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French fries and beer may help calm ‘perfect storm’ at favorite restaurants

Head of state restaurant association says more surprise closings and sales expected in 2023

Jessica Dunker, president and CEO of the Iowa Restaurant Association. Business Record file photo
Jessica Dunker, president and CEO of the Iowa Restaurant Association. Business Record file photo

There will likely be more surprise closings or sales of restaurants this year as the industry copes with a “perfect storm” of economic conditions, the president and CEO of the Iowa Restaurant Association said.

I spoke with Jessica Dunker as part of my reporting into the sudden closure of Spaghetti Works on Court Avenue.

My reporting for that story evolved and changed as I learned more behind the reason the popular, longtime restaurant decided to close on March 27. What I learned from Dunker wasn’t directly relevant to the new direction that the Spaghetti Works story was taking, but there is a lot to unpack in her comments and her suggestions for how people can best help their favorite restaurants muddle through the storm.

Here is some of what I learned from Dunker, who did not have direct knowledge of the circumstances surrounding the Spaghetti Works decision. Her comments have been lightly edited for length and clarity.

Why do you think more restaurants will close or be sold in 2023?
There’s a couple of things going on. We have been projecting that 2023 is the year we will see a larger portion of COVID-related closures and sales, and there’s a couple of factors weighing into that. For the first time in our history we are facing a simultaneous average 15% increase in cost of goods and cost of labor. All that coupled with consumer inflation that has been hovering at around 8%. We are hitting the threshold for what we can put out as a menu price for what people will pay. We’re not in a position to raise menu prices much higher. People were really tolerant during COVID and understanding as we did that, but now people are feeling stretched themselves and we’re hitting those limits.

How is that affecting a restaurant’s operation?
If you look at table checks, if you look at gross revenue, that looks high but the profitability is down. In a world where 5% net profits pre-COVID was considered a pretty viable restaurant business, the idea that profit is down is a recipe for not being able to sustain yourself. We’re seeing a change in consumer patterns. People are still going out but we’re seeing a higher number of people sharing an entree, or people just ordering water. They’re skipping desserts and appetizers. They’re ordering differently but you still have to pay people to be there to serve customers. You have to pay people to cook and maintain the business, but customers are ordering differently. It looks busy and that money is coming in, but the profitability isn’t there.

How are restaurants dealing with the federal disaster loans they may have received during the pandemic? Is that an issue in what you’re seeing today?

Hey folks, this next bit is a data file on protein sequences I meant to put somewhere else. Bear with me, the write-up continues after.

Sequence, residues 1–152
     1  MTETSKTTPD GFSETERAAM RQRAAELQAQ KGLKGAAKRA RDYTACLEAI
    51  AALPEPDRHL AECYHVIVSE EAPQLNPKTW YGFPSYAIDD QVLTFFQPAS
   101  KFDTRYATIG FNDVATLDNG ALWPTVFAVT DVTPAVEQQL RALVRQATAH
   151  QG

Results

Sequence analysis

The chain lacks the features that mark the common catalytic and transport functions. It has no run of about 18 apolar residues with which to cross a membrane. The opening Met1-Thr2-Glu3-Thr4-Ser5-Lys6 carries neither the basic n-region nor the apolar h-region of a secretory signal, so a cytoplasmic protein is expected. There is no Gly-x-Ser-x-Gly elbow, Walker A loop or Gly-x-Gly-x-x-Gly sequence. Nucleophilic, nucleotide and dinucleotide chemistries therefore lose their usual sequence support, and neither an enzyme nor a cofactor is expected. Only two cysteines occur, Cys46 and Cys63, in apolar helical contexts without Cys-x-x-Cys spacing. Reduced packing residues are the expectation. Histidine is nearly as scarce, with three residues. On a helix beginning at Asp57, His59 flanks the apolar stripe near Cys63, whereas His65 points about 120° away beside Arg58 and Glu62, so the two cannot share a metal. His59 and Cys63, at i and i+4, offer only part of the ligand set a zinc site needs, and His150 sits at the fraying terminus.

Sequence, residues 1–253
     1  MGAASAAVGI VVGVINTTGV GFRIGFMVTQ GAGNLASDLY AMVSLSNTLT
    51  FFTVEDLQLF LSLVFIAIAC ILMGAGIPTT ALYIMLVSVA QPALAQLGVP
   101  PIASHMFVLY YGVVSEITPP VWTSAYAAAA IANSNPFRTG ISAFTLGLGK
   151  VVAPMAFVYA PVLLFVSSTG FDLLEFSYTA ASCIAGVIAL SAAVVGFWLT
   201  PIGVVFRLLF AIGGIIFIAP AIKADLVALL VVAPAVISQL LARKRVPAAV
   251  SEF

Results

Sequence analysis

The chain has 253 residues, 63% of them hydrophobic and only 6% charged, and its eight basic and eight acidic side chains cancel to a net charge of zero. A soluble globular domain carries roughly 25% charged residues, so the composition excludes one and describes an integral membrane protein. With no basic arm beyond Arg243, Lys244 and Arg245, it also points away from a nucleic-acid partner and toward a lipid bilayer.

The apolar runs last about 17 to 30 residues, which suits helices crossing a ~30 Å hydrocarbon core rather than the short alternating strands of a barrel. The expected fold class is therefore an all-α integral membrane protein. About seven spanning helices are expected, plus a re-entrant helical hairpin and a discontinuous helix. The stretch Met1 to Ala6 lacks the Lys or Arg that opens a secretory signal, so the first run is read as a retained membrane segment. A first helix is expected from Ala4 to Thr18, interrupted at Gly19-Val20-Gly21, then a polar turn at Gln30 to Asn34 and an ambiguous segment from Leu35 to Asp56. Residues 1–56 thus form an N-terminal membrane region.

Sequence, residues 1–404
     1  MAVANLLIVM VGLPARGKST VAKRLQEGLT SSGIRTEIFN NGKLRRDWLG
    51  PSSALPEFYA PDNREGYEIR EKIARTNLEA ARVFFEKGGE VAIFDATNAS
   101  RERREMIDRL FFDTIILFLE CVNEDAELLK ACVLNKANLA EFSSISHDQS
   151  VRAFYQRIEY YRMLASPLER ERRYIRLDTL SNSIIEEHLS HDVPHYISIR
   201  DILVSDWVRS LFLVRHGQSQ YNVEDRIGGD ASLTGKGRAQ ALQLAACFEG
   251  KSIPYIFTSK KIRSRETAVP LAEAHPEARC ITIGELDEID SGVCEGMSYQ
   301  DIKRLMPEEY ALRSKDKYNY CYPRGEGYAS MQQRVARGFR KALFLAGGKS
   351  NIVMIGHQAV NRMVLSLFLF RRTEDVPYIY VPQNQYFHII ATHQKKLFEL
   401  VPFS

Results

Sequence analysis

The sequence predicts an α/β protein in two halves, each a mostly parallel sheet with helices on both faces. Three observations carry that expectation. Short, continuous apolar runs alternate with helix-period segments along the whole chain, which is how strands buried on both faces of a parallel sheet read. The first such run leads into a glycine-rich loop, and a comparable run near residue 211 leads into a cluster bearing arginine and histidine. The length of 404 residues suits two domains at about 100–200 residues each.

It allowed them to get an infusion of cash when they needed it and payments were delayed for 30 months. Well, 30 months has arrived. Now what we’re seeing is that people are suddenly taking on a huge debt load and they’re suddenly figuring out how to add one more bill in a reality where they’re already not turning a profit. There was a memorandum as part of an SBA hearing projecting that 30% to 50% of the loans that were $100,000 would default, and when you look at the size of a lot of restaurants, many of them would fall under that, so that’s really worrisome. Only 800 restaurants in Iowa ever got that funding. It’s a tsunami of factors that have all come together at the same time. And in our last survey of operators, we had 62% of operators say business conditions for their restaurant were worse than it was three months ago; 63% had accumulated debt; 64% had fallen behind on expenses; and 77% said they were less profitable than they were before COVID.

What can be done to help restaurants?
One of the things is actually at the federal level and related to those loans. If you’re worried that 30% to 50% of those loans are going to default, forgive them. Invest in small businesses and just forgive them. One of the things the National Restaurant Association is working on in D.C. is trying to get Congress to forgive the 30 months of accrued interest that people have had. So that is some federal relief that is possible. Then people just need to patronize restaurants, and restaurants need to operationally respond, and we’re beginning to see that. You can see pared-back menus, which is a good example of that. You’re seeing more restaurants that are paring back their menus and looking at how to leverage ingredients to be more profitable. We have a lot we can learn from Mexican restaurants where they can do a full menu with a small list of ingredients and really do an economy of scale.

What can customers do?
What you can do is order the most profitable items on a menu. That doesn’t mean the most expensive items. The most profitable items are french fries and beer, or a cocktail and a potato-based appetizer, and those turn a lot of profit for your favorite restaurant.


Michael Crumb

Michael Crumb is a senior staff writer at Business Record. He covers economic development, transportation, energy & environment, culture, sales & marketing.

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